Welcome to European Tribune. It's gone a bit quiet around here these days, but it's still going.
Your post contains a crucial, yet wholly unsubstantiated, assertion:

It is true that an unanticipated inflation would succeed in bringing the real debt burden down. But as soon as creditors become concerned that this is the way the problem will be resolved, nominal rates will rise

The central bank sets interest rates net of compensation for nominal default risk. In extremis, the central bank sets interest rates for all maturities if it wants to.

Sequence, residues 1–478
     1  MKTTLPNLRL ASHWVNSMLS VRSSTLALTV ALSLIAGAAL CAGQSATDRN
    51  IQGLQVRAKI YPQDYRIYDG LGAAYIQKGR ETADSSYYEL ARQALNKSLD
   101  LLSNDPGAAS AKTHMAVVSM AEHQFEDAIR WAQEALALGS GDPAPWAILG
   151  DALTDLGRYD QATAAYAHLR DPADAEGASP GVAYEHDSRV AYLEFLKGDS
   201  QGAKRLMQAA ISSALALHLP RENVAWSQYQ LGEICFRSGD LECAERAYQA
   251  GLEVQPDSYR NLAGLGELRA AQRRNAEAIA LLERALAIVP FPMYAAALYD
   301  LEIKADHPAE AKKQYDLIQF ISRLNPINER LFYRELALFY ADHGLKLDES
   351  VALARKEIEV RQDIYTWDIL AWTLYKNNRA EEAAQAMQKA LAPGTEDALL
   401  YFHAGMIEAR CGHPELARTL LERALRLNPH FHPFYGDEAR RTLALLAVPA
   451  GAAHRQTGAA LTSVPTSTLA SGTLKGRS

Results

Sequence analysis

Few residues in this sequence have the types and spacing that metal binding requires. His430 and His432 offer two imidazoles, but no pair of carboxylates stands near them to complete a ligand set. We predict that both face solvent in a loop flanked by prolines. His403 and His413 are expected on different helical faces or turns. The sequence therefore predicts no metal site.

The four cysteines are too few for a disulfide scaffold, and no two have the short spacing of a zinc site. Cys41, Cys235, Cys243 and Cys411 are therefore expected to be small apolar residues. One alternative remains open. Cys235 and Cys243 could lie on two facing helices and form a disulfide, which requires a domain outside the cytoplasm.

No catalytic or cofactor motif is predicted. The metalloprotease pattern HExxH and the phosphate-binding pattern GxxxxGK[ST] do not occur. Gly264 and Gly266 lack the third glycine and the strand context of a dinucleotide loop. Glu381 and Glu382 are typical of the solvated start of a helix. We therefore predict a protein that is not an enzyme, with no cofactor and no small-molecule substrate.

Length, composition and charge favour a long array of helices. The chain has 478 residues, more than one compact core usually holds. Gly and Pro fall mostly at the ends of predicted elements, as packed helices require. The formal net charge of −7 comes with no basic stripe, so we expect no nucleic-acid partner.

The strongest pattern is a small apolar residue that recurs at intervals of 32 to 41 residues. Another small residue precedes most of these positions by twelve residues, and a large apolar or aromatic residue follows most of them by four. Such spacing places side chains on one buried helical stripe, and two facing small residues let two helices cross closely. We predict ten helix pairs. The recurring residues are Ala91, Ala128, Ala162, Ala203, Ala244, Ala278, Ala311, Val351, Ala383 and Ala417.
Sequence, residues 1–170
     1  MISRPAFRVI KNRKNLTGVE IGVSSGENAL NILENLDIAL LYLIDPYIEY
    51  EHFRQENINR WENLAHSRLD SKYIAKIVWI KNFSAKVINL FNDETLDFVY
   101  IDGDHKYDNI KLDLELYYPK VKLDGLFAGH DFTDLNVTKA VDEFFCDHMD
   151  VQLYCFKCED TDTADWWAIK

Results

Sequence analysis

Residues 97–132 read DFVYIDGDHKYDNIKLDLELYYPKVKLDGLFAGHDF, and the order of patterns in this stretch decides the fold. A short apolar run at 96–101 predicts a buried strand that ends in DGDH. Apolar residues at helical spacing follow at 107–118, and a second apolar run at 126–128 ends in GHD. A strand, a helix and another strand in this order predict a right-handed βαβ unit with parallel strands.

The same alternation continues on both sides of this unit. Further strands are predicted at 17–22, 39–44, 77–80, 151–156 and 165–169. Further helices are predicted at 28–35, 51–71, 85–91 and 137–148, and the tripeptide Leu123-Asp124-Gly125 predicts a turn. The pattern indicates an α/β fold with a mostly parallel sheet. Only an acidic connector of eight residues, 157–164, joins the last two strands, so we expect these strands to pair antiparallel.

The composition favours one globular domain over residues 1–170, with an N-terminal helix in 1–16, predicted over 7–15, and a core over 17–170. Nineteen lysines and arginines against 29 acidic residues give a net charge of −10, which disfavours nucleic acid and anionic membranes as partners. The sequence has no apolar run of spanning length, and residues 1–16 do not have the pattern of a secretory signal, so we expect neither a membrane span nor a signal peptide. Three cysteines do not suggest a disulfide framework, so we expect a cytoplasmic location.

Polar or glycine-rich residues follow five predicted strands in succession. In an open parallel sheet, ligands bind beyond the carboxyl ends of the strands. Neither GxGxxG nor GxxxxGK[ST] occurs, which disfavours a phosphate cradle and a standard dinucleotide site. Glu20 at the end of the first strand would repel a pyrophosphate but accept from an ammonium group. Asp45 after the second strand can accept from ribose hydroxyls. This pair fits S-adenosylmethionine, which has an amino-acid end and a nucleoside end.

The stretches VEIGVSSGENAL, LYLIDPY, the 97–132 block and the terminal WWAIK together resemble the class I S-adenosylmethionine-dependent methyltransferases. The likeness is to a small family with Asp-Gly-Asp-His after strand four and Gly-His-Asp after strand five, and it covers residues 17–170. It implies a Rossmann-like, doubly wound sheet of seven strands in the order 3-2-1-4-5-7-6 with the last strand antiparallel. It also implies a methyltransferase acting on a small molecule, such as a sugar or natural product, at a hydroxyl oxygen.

And indeed, the central bank should set interest rates for all maturities: If the central bank does not do so, the long-maturity end of the yield curve depends exclusively on animal spirits and expectations about future central bank policy.

But either way, there is no connection to the government budget, let alone any economic fundamentals. At all.

- Jake

Friends come and go. Enemies accumulate.

by JakeS (JangoSierra 'at' gmail 'dot' com) on Thu Mar 14th, 2013 at 06:13:56 PM EST
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